It gets really efficient when there's not much energy coming in. This is a normal thing. Your body is literally supposed to do that so that you can survive. Where do we go from here, jenny? Well, we need to go through a reverse diet. So right now, your body is literally surviving. We need to get it to a place where it's thriving. That means we need to bump your calories up from 1400 calories up to 2400 calories. I know that right now you're focusing on weight loss but you've plateau. Your body is in a state where it's simply surviving. Your metabolism has slowed down. Your body's become efficient with this. So we need to go through reversed. I get your body healthy again. Get into a state where it can thinks it's safe. So then when you go into a calorie deficit, it can start tapping into its fat stores. If you trust me through this process, I'll never have to ask you to trust me again. The whole point of a reverse diet is to get your body to a healthy place where it thinks it's safe so that we can start going into a calorie deficit. How are we going to do that? I know you're concerned about putting on weight, but don't stress.
I'm going to track your numbers. I'm going to track your data, your body fat percentage, wake after week after week and see what's happening now, depending on how long you've been in this heavy calorie deficit for will determine how long it's going to take us to get out of this place and get to a healthy space and how quickly we can bump your number's up. So essentially the reverse diet is looking to gradually increase your calories over time without putting any weight on. However, it may be a side effect that you might gain a little bit of weight here. Okay I'm going to try and minimize that as much as possible but they're potentially might be a little bit of weight gain as long as you're okay with that think long term rather than short term. The fact that you've been on this low calorie diet for only about six months and you played it for the last three months. It's probably a good thing means that we're going to be able to probably bounce your number's up relatively quickly whilst maintaining body weight levels Essentially. Let's look at this first week, adding 100 calories per day Over the course of seven days.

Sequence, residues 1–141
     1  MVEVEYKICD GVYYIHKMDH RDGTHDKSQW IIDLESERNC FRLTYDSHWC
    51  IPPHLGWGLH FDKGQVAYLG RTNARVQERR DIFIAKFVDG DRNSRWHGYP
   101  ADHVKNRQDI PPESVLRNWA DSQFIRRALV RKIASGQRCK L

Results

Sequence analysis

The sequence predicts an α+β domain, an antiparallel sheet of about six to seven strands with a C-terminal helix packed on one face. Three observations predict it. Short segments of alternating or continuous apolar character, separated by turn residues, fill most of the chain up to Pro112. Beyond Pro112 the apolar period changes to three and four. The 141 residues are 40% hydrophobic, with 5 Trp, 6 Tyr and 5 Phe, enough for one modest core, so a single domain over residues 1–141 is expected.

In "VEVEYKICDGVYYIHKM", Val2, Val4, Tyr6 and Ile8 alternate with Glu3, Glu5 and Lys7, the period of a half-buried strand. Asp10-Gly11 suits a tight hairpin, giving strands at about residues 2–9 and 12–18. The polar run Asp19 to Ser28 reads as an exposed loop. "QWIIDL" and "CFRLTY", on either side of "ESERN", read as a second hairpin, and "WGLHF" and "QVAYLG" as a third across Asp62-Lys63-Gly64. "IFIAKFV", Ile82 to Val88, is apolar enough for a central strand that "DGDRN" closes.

So that's going to bump you up to 1500 calories a day. The following week, I'm gonna check your body fat percentage. If your body fat percentage and your weight is still the same, then we can add another 100 calories per day. So now we're up at 1600 calories. Okay, we're going to continue this process for as long as we can. As long as your body is your body weight staying the same whilst your numbers are increasing. Now, what's going to happen during this time? Your body weight should stay the same. But what you should notice is that your energy levels are better. You're sleeping better. Maybe your sex drive is going to improve a little bit. Your health markers are going to improve, your going to be feeling a little bit sharper. You're going to have more energy throughout the day to play with the kids. Pay attention to your training, you're likely going to be moving a lot better. Your strength is going to gradually increase. You're going to start building muscle. These are all really good signs that you're moving in the right direction and yes, your weight might stay the same, but we're likely going to start changing your body composition, improving muscle mass and decreasing body fat at the same time. And you're just generally going to feel a little bit healthier. I'm going to be checking your weight as we go through this process.